* Soy buoyed by slow farmer sales as U.S. harvest finishes
* Worries about La Nina and S.American crops lend support
* Wheat mixed, underpinned by short-covering
* Trade subdued ahead of U.S. Thanksgiving holiday
(Recasts; updates prices, adds quotes, changes byline, changes dateline from previous PARIS/SINGAPORE) CHICAGO, Nov 22 (Reuters) - Chicago soybean futures approached a two-week high near $10 a bushel on Wednesday, supported by firm cash markets as the U.S. harvest wound down and technical buying ahead of the Thanksgiving holiday, analysts said. Additional support stemmed from worries that the La Nina weather phenomenon, expected to emerge next month, could stress soy and corn crops in South America. The La Nina weather effect, characterized by unusually cold ocean temperatures in the equatorial Pacific Ocean, is linked with floods and droughts. As of 12:30 p.m. CST (1830 GMT), Chicago Board of Trade January soybean futures were up 7-3/4 cents at $9.96-3/4 per bushel after reaching $9.99-1/2, the contract's highest since Nov. 9. CBOT December corn was flat at $3.45 a bushel and December wheat was down 3/4 cent at $4.24 a bushel. U.S. markets will be closed on Thursday, with CBOT trade resuming Friday at 8:30 a.m. CST (1430 GMT). CBOT soybeans posted the biggest gains on Wednesday by percentage, reflecting slow farmer selling now that the harvest of a record-large U.S. crop is virtually complete. The U.S. Department of Agriculture said the soy harvest was 96 percent finished as of Nov. 19. "Producers shut the bin door, and (cash) basis levels are trying to firm. There is just a lack of country movement out here," said Don Roose, president of Iowa-based U.S. Commodities. Worries about dryness expanding in Argentina's crop belt lent support, although crop weather has been favorable in Brazil, the world's top soybean exporter and No. 2 corn supplier. Australia's Bureau of Meteorology issued an alert for a La Nina weather event starting next month, saying the chance it would take place was triple the normal likelihood. "It's a reminder that we are in a La Nina year, and we know that that increases the odds for dry (conditions) in Argentina," Roose said. Wheat futures were narrowly mixed, with front-month December losing ground to back months on spreads. A decline in U.S. wheat crop conditions and market chatter about radioactive pollution reported in Russia have encouraged some short-covering, but analysts said there was little impetus yet for a price rally in wheat. The meteorological service in Russia, the world's biggest wheat exporter, said on Tuesday it had measured pollution of a radioactive isotope at nearly 1,000 times normal levels in the Ural mountains. "With net short positions at a high level, such reports may prompt short-term-oriented market participants to reshuffle their investments," Commerzbank analysts said in a note.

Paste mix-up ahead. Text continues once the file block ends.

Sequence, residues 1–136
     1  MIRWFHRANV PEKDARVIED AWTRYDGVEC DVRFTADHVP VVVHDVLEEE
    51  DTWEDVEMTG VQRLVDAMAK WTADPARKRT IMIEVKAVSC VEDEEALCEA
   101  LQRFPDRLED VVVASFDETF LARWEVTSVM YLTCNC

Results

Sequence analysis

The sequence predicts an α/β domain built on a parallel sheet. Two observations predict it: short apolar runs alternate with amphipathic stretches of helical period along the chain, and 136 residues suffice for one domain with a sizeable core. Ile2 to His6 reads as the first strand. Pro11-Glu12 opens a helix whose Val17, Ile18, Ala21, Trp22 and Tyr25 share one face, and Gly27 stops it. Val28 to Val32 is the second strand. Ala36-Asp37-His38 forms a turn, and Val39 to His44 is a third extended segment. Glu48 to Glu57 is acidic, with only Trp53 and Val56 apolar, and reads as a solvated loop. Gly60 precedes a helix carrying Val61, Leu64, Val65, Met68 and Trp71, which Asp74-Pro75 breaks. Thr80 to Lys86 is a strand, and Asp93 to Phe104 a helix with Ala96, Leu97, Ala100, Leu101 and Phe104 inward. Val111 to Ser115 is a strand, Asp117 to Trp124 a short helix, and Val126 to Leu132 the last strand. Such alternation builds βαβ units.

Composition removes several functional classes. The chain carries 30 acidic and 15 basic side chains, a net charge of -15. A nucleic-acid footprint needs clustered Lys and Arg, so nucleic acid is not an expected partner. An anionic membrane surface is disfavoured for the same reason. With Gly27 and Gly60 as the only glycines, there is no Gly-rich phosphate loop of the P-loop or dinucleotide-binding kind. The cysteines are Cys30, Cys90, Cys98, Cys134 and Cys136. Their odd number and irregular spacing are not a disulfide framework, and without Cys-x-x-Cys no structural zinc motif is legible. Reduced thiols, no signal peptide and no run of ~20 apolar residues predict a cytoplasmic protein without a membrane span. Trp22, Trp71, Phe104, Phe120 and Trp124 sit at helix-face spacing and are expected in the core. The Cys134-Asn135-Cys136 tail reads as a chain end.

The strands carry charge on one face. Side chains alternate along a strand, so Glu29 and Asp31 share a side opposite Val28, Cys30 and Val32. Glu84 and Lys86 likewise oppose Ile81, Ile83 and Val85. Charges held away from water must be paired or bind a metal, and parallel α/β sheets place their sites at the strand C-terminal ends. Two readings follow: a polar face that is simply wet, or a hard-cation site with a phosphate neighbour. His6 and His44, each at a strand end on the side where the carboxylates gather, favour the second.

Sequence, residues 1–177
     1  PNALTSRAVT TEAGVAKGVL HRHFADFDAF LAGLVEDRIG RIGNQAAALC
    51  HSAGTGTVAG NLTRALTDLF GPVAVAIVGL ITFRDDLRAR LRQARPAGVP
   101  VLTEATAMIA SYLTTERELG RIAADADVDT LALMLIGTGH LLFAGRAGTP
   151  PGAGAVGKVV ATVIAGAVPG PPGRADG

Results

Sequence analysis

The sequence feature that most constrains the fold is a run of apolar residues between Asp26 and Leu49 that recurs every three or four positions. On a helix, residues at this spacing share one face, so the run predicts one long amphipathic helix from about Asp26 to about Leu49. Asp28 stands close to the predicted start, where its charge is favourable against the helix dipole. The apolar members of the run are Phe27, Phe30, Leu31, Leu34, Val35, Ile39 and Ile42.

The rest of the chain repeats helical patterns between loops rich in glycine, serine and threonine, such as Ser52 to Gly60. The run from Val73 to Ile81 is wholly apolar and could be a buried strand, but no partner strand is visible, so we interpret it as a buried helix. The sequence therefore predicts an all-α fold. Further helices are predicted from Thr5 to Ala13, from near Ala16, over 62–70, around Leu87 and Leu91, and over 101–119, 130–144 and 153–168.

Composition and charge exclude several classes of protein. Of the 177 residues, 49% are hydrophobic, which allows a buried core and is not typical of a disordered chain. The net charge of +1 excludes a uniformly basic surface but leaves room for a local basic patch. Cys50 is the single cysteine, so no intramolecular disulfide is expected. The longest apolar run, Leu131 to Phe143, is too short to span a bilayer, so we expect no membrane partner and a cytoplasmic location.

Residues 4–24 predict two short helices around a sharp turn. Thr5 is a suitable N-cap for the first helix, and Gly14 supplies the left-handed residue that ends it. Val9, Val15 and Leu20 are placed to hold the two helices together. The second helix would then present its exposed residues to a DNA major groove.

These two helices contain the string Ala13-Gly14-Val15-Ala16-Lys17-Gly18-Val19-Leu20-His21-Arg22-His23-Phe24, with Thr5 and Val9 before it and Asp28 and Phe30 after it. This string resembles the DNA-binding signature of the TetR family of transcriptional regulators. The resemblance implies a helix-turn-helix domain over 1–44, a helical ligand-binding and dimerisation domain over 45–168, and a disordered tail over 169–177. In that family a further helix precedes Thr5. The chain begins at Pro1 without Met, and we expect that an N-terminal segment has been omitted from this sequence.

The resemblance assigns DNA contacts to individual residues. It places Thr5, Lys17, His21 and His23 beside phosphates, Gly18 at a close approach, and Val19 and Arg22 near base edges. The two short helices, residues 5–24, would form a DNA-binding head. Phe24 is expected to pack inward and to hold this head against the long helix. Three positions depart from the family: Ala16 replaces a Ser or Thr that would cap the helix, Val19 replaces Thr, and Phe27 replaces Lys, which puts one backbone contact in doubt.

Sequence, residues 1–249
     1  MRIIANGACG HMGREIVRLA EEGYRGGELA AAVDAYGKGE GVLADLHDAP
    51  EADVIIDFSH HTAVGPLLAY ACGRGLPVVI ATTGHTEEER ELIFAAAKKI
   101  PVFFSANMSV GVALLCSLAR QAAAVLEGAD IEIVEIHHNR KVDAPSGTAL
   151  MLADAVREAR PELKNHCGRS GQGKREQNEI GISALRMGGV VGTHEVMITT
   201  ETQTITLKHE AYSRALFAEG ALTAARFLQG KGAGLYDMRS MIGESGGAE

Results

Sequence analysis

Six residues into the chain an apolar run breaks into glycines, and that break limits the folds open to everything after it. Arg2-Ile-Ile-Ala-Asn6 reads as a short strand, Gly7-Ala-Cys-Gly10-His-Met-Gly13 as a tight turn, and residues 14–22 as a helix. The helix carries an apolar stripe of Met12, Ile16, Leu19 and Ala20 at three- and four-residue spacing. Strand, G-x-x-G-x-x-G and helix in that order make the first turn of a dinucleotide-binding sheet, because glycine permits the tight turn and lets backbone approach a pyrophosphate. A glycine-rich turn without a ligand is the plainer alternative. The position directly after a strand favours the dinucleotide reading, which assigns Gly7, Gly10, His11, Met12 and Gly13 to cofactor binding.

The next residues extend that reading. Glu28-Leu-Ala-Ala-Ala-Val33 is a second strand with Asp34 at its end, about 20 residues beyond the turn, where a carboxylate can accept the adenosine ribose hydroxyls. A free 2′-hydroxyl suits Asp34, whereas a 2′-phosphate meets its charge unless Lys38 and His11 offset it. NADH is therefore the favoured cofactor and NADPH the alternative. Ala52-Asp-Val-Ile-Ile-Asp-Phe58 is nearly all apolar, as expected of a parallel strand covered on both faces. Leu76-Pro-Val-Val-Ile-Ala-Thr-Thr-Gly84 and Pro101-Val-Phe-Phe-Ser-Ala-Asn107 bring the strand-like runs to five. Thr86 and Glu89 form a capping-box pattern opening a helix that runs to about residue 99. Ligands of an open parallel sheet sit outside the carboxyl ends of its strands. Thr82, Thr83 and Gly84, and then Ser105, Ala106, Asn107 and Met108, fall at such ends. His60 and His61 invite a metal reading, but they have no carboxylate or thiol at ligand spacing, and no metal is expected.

CBOT prices as of 12:28 p.m. CST (1828 GMT):
Net Pct Volume
Last change change
CBOT wheat WZ7 423.50 -1.25 -0.3 51229 CBOT corn CZ7 345.25 0.25 0.1 138434 CBOT soybeans SF8 996.50 7.50 0.8 82848 CBOT soymeal SMZ7 324.40 6.10 1.9 43052 CBOT soyoil BOZ7 34.00 -0.17 -0.5 33823
NOTE: CBOT December wheat, December corn and January soybeans shown in cents per bushel, December soymeal in dollars per short ton and December soyoil in cents per lb.
(Additional reporting by Naveen Thukral in Singapore and Gus Trompiz in Paris; Editing by Mark Potter and Diane Craft)